Quotable: Divine wisdom, and calls from higher-up

Posted: November 23, 2009 in Quotable
Tags: , , ,

This country seems to have a perhaps larger-than-average volume of it’s defining idioms, riddles, etc. (note: I base my “average” off of my knowledge of English, French, and Russian).

Accordingly, I’ve concluded that this volume comes from the country’s general quotability.

Accordingly, I’ve decided to share a few instances of the basis of my reasoning in this and future installments of what I’ll call “Quotable.” How have I only now been inspired?

“Quotability?” you ask. I reference the Oxford American Dictionary:

adjective. (of a person or remark) suitable for or worth quoting.

So there you have it. I believe Russia to be worth (perhaps not “suitable,” per se. . .) quoting. And it begins.

Literature class. Olga Vladimirovna supposes:
“If I don’t understand something about a Russian, then I am afraid of him.”
We nod our heads in grave agreement, seated before such prudence.

Opening the door for my host mom. With a huge smile that reaches out and pinches my cheek from across the threshold itself, in a breath, Tatyana Eduardovna exclaims,
“Oh! If it weren’t for my boss’ calling me to wake me up this morning, I would have slept all day!”
I equally gleefully respond in agreement, “Hm!” In my head I continue: “If it weren’t for. . . !”.

Grammar class. Shaking her head in solemn disappointment, Irina Meletievna informs,
“God made a mistake.”
Fearing further retribution, from either Him or her, we hold our breath for what could come next.
“He made us so that we had to spend such time worrying about what we eat.”
Fearing that this will most likely go without an exegesis, we are proven wrong.
“Just think: growing the food, harvesting the food, preparing it. . . and then serving it! And then finding time to eat it! For what?”
Answerless, our previous conceptions of the world are again proven incomplete.

Grammar class, three seconds later. Supposing that I have perhaps understood Irina Meletievna’s line of reasoning, I offer,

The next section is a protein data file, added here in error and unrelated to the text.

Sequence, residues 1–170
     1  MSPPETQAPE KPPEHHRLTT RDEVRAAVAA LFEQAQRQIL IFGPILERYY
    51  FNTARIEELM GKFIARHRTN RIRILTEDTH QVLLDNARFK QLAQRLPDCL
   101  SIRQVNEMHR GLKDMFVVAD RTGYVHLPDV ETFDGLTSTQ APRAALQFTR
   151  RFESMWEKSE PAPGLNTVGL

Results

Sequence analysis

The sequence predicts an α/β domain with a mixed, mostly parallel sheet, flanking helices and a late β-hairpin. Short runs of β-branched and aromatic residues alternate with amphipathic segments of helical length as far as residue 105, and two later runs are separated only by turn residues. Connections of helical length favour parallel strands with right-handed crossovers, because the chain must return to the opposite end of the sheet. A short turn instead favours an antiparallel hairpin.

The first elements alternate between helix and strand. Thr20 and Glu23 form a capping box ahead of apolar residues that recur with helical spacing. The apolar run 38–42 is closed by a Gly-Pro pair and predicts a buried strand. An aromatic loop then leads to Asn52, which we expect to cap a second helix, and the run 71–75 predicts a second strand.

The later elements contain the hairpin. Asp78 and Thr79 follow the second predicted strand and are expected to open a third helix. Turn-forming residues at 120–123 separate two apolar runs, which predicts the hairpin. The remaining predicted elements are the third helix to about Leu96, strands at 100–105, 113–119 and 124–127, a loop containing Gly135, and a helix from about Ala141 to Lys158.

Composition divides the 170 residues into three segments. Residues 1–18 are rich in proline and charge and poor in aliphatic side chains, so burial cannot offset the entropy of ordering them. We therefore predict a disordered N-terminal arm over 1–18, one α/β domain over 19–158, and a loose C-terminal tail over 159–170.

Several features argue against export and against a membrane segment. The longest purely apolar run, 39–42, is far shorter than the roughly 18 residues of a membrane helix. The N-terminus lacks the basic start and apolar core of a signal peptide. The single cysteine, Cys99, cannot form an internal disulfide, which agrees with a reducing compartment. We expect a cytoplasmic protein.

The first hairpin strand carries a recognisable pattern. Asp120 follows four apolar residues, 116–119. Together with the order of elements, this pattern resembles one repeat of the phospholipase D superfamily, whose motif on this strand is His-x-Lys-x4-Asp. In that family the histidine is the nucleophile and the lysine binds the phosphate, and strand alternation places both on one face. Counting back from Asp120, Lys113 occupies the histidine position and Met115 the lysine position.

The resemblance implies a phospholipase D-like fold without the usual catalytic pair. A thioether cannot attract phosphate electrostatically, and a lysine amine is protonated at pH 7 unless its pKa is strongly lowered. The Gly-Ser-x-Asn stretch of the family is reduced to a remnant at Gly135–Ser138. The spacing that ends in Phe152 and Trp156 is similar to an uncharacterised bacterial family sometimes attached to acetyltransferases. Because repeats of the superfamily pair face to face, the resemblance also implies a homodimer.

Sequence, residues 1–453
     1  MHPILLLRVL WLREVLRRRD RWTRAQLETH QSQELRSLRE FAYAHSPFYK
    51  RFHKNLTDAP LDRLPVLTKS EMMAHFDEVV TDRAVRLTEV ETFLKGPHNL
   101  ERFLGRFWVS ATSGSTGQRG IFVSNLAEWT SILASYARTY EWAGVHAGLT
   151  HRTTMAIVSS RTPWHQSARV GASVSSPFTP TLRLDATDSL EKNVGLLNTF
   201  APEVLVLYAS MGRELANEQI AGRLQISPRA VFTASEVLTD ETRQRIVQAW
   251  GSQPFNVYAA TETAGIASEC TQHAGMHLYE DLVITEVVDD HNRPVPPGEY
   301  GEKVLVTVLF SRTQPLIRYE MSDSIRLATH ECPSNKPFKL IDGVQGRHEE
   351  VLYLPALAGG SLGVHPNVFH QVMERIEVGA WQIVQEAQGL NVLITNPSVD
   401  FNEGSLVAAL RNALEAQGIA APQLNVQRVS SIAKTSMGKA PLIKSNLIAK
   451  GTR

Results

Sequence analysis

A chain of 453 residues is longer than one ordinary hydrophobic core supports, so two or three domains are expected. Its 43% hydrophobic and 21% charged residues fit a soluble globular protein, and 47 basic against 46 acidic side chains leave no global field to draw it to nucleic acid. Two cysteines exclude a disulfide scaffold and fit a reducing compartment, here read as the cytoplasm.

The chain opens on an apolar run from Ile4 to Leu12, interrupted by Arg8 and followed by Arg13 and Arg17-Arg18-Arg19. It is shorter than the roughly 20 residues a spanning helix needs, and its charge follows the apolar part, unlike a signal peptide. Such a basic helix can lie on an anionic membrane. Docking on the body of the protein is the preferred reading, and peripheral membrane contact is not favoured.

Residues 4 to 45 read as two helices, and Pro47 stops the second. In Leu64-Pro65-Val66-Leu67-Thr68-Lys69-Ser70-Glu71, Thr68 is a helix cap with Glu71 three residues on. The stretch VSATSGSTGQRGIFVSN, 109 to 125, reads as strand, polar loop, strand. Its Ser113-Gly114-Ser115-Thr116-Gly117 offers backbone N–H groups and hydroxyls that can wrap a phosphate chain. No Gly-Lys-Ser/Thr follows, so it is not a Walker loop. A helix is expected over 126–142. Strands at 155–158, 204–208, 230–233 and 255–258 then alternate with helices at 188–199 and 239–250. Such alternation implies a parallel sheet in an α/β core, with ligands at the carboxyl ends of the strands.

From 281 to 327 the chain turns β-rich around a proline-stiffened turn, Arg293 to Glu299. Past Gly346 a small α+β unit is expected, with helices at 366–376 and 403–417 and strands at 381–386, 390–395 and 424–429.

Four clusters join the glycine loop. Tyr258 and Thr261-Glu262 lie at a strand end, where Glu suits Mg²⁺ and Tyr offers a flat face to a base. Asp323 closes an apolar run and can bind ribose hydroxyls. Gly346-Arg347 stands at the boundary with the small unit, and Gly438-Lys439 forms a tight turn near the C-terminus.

“Well, then why should we have to sleep?”
Irina Meletievna stares thoughtfully into my eyes for a silent two seconds. She glances down, perhaps referencing her notes. Then picks up her pen.
Without words, she raises her eyebrows and shrugs with a half-whimsical, mostly sarcastic roll of the eyes.
Divine wisdom: pah!

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Comments
  1. Casey says:

    As cut and pasted by another Irkutsk alumna, Susanna Merrill ’07 from her blog, http://looncompound.blogspot.com/2007/11/disapproval.html, onto my Facebook profile in response to this post:

    Irina Milyetavna: Susanna, when was the Statue of Liberty erected?

    Me: Um, I don’t know, in some period in which the French were particularly happy with us.

    I.M.: Hah! An American, and doesn’t know when the Statue of Liberty was built! When approximately?

    I give some wildly inaccurate date and am further mocked. Eventually other students come up with the right date.

    I.M. And what does the Statue of Liberty commemorate? Monuments and statues are always for some reason.

    Students: It is for freedom.

    Further discussion reveals that France gave America the statue upon the signing of some international agreement. Irina Milyetavna is satisfied that we did not erect the statue just for the silly idea of freedom, but as a pawn in the game of international politics.

    I.M.: So, did you know that in China there is a statue bigger that your Statue of Liberty? [look of triumph]

    Me: The Statue of Liberty is not important because it is big. It is important because it symbolizes freedom.

    Natasha: I would rather have more freedom than a bigger statue.

    Someone else: Is the Chinese statue the same thing except bigger?

    I.M.: Well, no, of course not, it’s a statue of Buddha. It’s bigger than your statue.

    Eddie: Well, I guess they won. We’ll all have to become Buddhists.

    Me: Is it bigger than Cristo Rey in Brazil?

    I.M.: No, the statue in Brazil is bigger. The one in Brazil is the tallest, and the Buddhist one is in second place. The Chinese built a statue that is bigger than yours.

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